In this world of mediocrity, when you meet excellence, you know it. Such is the case for Ms. Marva Allen and her vision made real in and for Hueman Books, in Harlem, New York. Not far from our HOPE Financial Dignity Center in Harlem, Hueman Books stands out as a true first class operation, that only 'happens' to be owned and run by an African-American. I was also honored to do a book signing there for LOVE LEADERSHIP: The New Way to Lead in a Fear-Based World (Jossey-Bass), and to stand with them now, as they embark upon their next transition. They are officially closing. And I am no doubt sad.
I am not really sad for Hueman's owner, Marva, as I spoke with her and as usual — she is spiritually grounded, intellectually sharp, and business prepared. She has prepared for this moment, and had good business reasons for why she did what she did.
I am saddened because I feel that I could have done more to support her store, over the years.
I am saddened, because I believe that important independent book stores like hers, and Black bookstores in particular, are a dying breed, and need to be supported.
I am saddened, because as a community I believe that all of us could have done more to support her and the store.
That said, I accept that everything must have its seasons, and that this season for them, says transition. But this I know about Marva Allen — this is about rewiring and not retiring. She will be back, and when she does, I and we will be with her. Stronger, deeper and more lovingly committed than before.
Thank you Marva, for making us all — better. Read, watch and listen to the Hueman story that follows.
Onward and with HOPE
John Hope Bryant
Our Mission: To Inspire, Motivate and Educate.
As Carol (my middle name) Burnette would say, 'we're so glad we had this time together, but now it's time for us to say so long'. Ten years of amazing friendship and camaraderie have gone by way too soon. On July 31, 2012, Hue- Man will close its current location. We all know that there is a season for everything under heaven and the season of "traditional book" selling has come to a close.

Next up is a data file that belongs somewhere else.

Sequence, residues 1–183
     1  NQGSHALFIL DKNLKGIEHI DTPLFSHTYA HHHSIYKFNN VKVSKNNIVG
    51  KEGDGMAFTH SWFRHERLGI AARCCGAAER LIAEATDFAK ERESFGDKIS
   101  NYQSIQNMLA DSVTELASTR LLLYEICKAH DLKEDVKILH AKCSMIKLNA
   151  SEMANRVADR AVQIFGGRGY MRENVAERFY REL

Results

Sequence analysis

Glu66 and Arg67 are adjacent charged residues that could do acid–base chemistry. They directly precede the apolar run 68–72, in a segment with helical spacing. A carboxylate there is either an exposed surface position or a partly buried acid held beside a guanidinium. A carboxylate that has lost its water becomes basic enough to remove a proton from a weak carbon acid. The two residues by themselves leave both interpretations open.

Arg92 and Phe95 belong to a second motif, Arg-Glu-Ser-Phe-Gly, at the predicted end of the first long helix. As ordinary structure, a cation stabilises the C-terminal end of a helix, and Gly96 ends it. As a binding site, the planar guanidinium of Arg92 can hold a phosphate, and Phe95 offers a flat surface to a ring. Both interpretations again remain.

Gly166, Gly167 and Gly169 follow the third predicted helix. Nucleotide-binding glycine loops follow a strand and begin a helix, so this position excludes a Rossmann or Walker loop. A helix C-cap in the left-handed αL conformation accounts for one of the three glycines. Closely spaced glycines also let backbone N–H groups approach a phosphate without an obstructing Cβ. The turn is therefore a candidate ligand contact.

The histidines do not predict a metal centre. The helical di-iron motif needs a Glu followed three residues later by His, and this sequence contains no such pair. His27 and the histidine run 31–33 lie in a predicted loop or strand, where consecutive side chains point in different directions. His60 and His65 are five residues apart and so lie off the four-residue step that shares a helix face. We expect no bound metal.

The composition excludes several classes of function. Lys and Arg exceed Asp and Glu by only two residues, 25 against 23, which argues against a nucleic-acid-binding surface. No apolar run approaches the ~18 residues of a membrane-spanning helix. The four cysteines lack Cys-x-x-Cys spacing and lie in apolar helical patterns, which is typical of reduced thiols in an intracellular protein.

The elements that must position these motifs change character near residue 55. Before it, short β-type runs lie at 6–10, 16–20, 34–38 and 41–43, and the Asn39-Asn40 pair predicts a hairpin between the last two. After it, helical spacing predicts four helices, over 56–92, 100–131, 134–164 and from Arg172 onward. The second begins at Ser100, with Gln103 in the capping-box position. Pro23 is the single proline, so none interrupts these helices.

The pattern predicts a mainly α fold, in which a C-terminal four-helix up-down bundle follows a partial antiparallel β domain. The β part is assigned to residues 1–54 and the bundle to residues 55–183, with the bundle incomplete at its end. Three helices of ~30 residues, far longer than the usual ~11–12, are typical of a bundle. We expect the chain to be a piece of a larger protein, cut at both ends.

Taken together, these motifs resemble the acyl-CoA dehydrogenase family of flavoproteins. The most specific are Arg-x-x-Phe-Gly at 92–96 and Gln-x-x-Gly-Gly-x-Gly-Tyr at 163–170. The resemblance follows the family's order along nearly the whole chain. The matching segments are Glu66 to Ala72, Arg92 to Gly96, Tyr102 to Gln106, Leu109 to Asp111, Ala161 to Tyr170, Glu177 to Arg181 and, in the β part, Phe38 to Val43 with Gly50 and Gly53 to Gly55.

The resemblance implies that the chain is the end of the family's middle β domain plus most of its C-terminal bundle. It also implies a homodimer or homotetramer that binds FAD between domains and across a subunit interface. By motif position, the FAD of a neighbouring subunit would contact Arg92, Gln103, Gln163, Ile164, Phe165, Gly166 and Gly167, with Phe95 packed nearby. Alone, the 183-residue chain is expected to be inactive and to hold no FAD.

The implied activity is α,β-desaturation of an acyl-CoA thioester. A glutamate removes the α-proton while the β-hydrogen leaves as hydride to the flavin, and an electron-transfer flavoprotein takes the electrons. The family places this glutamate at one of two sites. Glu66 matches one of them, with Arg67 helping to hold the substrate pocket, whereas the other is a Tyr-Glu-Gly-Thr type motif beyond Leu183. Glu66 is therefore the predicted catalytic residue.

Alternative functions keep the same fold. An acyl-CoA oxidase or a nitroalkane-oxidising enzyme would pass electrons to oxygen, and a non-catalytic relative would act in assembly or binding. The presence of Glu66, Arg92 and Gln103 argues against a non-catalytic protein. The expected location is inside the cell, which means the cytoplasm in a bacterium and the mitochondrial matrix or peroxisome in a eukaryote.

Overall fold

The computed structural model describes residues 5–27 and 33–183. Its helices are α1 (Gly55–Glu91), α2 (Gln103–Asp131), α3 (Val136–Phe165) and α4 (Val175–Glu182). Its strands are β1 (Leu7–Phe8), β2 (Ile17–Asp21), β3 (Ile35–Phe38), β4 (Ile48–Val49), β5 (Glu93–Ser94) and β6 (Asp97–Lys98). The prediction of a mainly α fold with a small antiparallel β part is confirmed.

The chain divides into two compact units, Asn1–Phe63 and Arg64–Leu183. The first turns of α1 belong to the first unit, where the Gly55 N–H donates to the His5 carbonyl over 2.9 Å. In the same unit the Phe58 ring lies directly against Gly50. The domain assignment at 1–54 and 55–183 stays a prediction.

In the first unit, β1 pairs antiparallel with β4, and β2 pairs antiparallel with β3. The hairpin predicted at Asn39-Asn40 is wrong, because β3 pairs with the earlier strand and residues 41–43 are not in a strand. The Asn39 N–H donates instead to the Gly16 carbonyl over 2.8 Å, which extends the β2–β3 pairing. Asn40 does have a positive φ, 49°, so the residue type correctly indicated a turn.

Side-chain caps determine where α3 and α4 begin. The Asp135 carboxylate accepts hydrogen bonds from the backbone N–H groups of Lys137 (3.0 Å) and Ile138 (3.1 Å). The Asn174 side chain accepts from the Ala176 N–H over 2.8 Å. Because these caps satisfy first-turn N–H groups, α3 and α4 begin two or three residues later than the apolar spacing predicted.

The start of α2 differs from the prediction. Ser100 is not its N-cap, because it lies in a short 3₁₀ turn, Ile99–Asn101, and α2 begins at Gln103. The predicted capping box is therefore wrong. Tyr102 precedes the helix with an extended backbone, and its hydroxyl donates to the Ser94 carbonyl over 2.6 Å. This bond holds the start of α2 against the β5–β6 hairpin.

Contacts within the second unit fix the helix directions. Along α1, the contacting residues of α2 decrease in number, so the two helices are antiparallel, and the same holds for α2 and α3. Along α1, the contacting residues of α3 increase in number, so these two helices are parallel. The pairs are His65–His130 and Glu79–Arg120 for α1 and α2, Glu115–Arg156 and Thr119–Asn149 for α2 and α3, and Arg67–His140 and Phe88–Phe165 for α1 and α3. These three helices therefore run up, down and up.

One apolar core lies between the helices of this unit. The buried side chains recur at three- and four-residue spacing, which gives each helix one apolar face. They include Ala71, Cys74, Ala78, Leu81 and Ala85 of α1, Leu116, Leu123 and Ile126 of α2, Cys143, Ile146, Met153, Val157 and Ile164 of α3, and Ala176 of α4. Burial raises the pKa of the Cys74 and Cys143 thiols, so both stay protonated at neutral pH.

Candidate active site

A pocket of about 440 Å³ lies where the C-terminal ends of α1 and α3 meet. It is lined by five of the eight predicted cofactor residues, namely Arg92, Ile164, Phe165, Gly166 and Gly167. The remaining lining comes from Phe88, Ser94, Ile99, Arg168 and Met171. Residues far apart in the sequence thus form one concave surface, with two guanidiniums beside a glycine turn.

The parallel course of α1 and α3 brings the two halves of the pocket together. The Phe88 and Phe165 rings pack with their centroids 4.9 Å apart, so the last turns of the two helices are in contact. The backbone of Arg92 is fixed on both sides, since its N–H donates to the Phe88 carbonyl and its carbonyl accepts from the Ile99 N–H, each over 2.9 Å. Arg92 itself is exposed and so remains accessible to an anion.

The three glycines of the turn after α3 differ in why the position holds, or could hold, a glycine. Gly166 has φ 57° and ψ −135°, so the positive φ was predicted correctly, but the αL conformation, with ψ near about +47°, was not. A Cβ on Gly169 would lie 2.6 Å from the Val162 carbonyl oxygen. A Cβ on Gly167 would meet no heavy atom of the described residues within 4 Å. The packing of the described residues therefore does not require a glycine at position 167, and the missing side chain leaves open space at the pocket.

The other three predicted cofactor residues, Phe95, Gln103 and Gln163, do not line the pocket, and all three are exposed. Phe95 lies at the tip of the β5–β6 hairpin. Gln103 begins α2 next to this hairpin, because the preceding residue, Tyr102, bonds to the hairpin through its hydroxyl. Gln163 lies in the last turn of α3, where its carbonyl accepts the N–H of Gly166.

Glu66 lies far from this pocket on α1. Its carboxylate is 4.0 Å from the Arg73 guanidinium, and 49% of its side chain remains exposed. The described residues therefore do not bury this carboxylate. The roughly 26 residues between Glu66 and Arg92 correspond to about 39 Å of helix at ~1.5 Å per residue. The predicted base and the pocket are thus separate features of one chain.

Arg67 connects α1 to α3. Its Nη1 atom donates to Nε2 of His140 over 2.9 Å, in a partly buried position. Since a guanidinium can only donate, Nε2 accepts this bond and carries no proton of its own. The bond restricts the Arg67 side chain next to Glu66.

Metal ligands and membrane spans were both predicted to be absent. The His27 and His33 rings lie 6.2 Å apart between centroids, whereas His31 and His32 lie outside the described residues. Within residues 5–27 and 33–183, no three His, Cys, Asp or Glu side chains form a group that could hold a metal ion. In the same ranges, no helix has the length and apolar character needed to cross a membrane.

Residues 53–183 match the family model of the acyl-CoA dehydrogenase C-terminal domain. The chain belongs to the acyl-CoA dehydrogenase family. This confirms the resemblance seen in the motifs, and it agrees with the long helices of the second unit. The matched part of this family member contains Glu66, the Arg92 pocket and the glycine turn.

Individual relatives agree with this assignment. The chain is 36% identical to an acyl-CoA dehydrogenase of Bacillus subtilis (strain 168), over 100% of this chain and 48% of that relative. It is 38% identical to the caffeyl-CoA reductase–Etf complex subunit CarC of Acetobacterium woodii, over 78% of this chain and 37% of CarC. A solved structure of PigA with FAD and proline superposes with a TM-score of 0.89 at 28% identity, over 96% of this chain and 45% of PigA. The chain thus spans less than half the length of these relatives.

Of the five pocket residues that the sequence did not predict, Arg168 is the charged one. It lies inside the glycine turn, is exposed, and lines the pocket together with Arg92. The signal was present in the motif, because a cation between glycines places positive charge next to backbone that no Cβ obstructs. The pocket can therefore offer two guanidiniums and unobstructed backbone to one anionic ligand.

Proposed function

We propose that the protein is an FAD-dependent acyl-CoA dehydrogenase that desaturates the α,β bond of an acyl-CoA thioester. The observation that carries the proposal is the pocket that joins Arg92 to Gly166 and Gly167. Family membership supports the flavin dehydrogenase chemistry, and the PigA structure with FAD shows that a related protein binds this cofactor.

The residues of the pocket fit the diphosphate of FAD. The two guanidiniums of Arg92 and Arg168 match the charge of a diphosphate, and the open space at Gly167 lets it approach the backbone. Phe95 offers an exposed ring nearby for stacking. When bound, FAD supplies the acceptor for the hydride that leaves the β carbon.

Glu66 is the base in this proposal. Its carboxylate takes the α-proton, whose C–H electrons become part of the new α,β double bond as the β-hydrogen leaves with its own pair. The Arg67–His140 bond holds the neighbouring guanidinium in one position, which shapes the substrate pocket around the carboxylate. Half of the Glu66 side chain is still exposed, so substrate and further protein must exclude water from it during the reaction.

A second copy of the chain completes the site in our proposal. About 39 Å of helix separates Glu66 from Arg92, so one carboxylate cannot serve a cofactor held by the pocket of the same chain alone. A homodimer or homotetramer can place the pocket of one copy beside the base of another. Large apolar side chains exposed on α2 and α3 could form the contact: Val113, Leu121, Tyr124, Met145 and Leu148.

When you do something for five hundred years and it works why change? But change has happened and the publishing industry is experiencing a new reality. Faced with tremendous social pressures to deliver the next big idea, celebrity books have become the interim hype, yet even that is not a sustainable model for an industry in turmoil. As stop gap measures run out, the industry will be forced to reconcile the future place of "real books" in their business models and with continuous rumble and tumult, new ideas will percolate on how to deliver that new experience to the new consumer of books. No matter how apocalyptic the predictions are for the industry, it is my belief that books are here to stay in one iteration or the other.
Closing the existing format of Hue-Man is forward thinking on our part and as we take pause to re-imagine the future of books and how to ensure that their purpose of entertaining, imparting knowledge and honing creativity is preserved, we find no viable alternative but to go back to the drawing board. Closing our beloved bookstore, I assure you was a very hard decision for us. Yet, the confluence of events, changing landscape, the end of our lease and the international expansion of our vision, closing our physical location was the only sensible decision we could make. There is no way to re-imagine the bookstore of the future in our current space. To try to do so would be a stop gap and a waste of resources.